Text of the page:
Dancing around the 'problem' of boys and dance

Gard, Michael (2001) Dancing around the 'problem' of boys and dance. Discourse, 22 2: 213-225. doi:10.1080/01596300120072383


Author Gard, Michael
Title Dancing around the 'problem' of boys and dance
Journal name Discourse   Check publisher's open access policy
ISSN 0159-6306
1469-3739
Publication date 2001-04-01
Sub-type Article (original research)
DOI 10.1080/01596300120072383
Open Access Status
Volume 22
Issue 2
Start page 213
End page 225
Total pages 13
Place of publication Abingdon, Oxon, United Kingdom
Publisher Routledge
Language eng
Formatted abstract
In this paper I Žfirstly propose a reading of this story which draws attention to the narrative’s investment and deployment of sexist and homophobic discourses in order to present its male subject as ‘normal’. The purpose here is not to criticise the authors of the story, but to highlight some of the problematic features of boy-friendly approaches to curriculum design generally, and the boys and dance ‘problem’ in particular. I argue that it is the meanings associated with certain forms of physical movement which should be the focus of pedagogical attention, and not simply the ambivalence of some boys to some forms of dance.

In the next section I discuss the pitfalls inherent in the construction of boys’ non-involvement in certain forms of dance as a ‘problem’. I place ‘problem’ in quotes here because I am concerned that it is the low number of boys who willingly dance (in certain ways) that is often understood as problematic by physical and dance educators. Far from being simply a ‘problem’ with or for boys, I argue that the rejection of dance by schoolboys points to a rejection of movement practices that are seen as feminine or signifying homosexuality, a point that has signiŽficance for all students. What is at stake here is not so much the relatively small amount of space available for dance in schools compared with other movement forms such as competitive sports, although this is a signiŽficant issue. Rather, I am concerned with the meanings associated with certain kinds of bodily movement and the sexist and homophobic regimes of bodily practice that these meanings underscore and that operate within schools (Clarke, 1998; Flintoff, 1991; 1994; Wright, 1996).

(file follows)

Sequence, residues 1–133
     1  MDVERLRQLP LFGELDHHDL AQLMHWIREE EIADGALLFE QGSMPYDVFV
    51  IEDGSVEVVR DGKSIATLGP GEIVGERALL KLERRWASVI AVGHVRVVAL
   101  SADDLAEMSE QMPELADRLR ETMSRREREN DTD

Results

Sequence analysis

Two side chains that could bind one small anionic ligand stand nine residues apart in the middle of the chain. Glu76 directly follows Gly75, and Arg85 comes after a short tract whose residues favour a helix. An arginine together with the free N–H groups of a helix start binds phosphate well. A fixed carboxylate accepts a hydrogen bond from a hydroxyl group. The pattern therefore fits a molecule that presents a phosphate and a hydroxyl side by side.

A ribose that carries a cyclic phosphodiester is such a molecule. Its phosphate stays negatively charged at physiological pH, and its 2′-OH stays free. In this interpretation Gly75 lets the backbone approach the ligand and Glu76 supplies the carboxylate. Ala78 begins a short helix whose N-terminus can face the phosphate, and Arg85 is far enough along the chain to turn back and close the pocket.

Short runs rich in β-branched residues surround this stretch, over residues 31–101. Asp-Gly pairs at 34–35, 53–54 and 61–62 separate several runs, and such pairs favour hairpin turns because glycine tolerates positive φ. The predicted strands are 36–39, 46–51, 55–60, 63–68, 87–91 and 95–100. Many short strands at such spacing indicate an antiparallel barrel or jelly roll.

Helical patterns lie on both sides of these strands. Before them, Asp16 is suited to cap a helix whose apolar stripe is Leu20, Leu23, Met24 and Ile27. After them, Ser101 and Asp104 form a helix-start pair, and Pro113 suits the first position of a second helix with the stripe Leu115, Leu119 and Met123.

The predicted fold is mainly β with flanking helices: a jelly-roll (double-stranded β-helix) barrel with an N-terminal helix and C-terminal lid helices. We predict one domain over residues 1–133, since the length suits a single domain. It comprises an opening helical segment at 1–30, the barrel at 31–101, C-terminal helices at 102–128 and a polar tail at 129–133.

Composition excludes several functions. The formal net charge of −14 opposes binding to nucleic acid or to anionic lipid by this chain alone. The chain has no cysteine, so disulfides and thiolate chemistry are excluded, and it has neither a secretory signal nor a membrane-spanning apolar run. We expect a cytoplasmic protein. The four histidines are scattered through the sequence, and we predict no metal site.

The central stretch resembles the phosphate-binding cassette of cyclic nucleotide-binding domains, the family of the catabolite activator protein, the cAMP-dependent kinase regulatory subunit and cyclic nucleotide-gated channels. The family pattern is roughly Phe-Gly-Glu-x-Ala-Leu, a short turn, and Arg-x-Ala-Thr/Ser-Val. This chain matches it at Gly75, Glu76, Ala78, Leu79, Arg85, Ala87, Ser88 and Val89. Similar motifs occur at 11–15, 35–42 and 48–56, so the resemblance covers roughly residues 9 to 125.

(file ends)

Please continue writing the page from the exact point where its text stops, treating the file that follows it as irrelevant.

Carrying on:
I conclude by linking the issues raised in the Žfirst two sections of the paper to the relatively recent intensiŽfication of interest in the emotional well-being and academic performance of boys in schools. That is, I argue that the process of deŽfining male rejection of dance as a ‘problem’ for boys is indicative of a wider tendency to see the protection and cultivation of hegemonic masculine norms of behaviour as paramount. This tendency ignores the possibility that it is the rejection of dance and certain kinds of bodily movement by certain kinds of male students that is at stake. But rather than being a problem for these boys, this is more likely to be keenly felt as a ‘problem’ for those students who already participate in dance or who would like to do so. This is likely to be mostly, although not always, female and non-sports-minded male students; students who are already at risk of being marginalised within the movement cultures of schools.
Q-Index Code C1
Q-Index Status Provisional Code
Institutional Status UQ

Document type: Journal Article
Sub-type: Article (original research)
Collection: School of Human Movement and Nutrition Sciences Publications
 
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Created: Wed, 18 Feb 2015, 21:17:45 EST by Michael Gard on behalf of School of Human Movement and Nutrition Sciences